The writer taught political science at Savitribai Phule Pune University, Pune, and is chief editor of 'Studies in Indian Politics'.
In Opposition, non-BJP parties have been lazy in not responding politically at all. It took two full months for the UPA and some other non-BJP parties even to think of talking formally to each other.
Equally disturbingly, the lockdown has ensured that the class-chasm would become more real, more sharp and yet politically infructuous. The overwhelming support that the lockdown has received among India’s middle classes is noteworthy not just because of the gullibility of that class but also because of its complete lack of social connection to anything beyond itself.
We should brace ourselves not only for the deep impact the coronavirus crisis will have on routine lives and the economy; this crisis will also leave its imprint on the idea of the public and our politics.
The two handsome victories of the BJP must have told the political class that the tide of popular sentiment is turning in favour of a particular set of beliefs. Broadly identified as Hindutva nationalism, this new political culture does not have much patience for ideas of inclusion, diversity, compassion and co-existence.
Takeaways from AAP victory: Governance matters most in state polls, having a popular face is crucial, emotive issues take backseat to govt performance
AAP's win in Delhi elections provides relief, hope. But the romance with the Delhi outcome must halt.
An agitation that began in response to an assault on the constitutional idea of citizenship has opened the doors for redefining the idea in a manner that would have made the Republic’s founding fathers proud of today’s protesters.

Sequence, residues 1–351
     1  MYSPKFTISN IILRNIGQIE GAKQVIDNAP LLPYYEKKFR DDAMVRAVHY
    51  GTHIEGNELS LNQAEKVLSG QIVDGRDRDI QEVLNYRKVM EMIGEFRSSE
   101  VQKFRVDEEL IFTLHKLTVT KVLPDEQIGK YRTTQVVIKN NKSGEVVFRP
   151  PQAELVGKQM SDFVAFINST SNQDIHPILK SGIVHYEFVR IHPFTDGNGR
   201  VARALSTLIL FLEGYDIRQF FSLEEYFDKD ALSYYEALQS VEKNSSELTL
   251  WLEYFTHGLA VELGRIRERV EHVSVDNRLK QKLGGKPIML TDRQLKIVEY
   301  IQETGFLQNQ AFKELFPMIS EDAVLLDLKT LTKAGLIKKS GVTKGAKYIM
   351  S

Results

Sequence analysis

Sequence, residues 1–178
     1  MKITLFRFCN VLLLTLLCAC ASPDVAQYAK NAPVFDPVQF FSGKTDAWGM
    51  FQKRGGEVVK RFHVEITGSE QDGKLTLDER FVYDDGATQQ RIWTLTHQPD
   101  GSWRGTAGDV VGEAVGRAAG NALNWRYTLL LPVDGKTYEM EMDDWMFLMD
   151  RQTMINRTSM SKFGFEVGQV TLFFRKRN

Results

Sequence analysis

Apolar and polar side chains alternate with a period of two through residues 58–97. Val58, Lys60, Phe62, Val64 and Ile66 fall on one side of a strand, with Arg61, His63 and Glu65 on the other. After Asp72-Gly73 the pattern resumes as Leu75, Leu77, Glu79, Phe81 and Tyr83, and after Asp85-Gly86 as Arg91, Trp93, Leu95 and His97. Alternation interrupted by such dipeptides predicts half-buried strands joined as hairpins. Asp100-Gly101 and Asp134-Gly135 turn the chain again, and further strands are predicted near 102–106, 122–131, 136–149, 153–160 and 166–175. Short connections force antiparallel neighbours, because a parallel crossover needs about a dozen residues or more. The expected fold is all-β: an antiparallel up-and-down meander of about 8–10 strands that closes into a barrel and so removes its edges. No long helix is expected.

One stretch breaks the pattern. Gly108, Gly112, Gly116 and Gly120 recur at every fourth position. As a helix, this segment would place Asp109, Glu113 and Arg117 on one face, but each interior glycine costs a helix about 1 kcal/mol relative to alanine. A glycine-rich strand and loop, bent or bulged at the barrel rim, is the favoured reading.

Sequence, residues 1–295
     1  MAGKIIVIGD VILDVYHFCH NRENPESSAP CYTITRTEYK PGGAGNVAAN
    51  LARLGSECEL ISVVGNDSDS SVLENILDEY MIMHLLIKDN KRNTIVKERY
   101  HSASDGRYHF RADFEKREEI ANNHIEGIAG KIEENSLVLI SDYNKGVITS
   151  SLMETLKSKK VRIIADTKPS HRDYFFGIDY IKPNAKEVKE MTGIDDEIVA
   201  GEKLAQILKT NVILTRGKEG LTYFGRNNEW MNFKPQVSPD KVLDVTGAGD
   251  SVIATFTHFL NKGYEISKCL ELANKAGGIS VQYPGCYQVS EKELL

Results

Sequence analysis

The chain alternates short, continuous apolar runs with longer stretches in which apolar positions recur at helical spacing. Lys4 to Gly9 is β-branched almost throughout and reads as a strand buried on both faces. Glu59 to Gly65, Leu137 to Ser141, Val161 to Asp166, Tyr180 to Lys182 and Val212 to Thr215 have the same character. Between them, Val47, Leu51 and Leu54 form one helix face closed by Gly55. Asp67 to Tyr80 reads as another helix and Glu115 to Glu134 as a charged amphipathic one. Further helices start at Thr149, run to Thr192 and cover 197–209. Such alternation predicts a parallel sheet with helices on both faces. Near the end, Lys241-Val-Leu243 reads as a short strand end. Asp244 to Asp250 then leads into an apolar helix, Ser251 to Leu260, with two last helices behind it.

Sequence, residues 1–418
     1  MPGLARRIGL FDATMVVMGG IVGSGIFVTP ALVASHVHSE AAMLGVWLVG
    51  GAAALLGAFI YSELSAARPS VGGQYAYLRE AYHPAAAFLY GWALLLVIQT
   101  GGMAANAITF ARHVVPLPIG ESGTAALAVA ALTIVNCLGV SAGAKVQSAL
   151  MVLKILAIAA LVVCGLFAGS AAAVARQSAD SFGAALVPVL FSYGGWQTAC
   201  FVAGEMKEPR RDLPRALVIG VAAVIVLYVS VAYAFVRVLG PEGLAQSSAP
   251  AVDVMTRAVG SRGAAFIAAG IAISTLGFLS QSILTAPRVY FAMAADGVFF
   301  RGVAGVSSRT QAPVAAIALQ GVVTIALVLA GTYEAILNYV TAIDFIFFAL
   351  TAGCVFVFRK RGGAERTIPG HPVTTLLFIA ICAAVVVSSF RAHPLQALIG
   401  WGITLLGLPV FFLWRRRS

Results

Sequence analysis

In keeping with recent trends across the country, this Assembly poll saw a focus on local issues and a limited influence of the central leaders of parties, particularly the BJP.
BJP loses another state, but continues to make its opponents become more like BJP to fight it
Kejriwal remains popular among Delhi voters, most of whom appear satisfied with his govt’s performance in the last five years, a Lokniti-CSDS survey shows.
Politics after CAB: On the one hand, are principles emptied of meaning. On the other, a clear-headed majoritarian project.
When the fig leaf of decency is gone, the minimal requirements of rule of law can be thrown out of the window as useless appendages to the elixir of power. This is what Maharashtra is witnessing.
Even as it is possible to criticise the Court’s ruling, what social and political spaces exist to critique, dispute and contest the political narrative in which the Ayodhya agitation originated?
We may be looking at voter fatigue with the Modi model amid continued voter endorsement of Modi.
In Maharashtra, the party works on constructing all-India politics while also appropriating the regional space
On Independence Day, we heard the aspiring statesman, the man of ideas, the debater, the polemicist, the ruthless executive.
Sonia Gandhi’s return as party president is likely to impede the real task of party-building that the Congress has been postponing since the 1980s. Rajiv Gandhi reminded the party of this when it was celebrating its centenary. Sonia could not do it when she took over in the late Nineties.
The current processes of in-flow and out-flow underline the weakness of the way parties are organised. Parties do talk about membership drives, but they often obfuscate intra-party democracy and intra-party competition.
We are moving away from the constitutional logic behind enabling clauses such as Articles 15 and 16.
Over the past decade-and-a-half, the idea that claims made by the majority are a natural corollary of democracy has settled itself quite comfortably in India’s collective imagination of democracy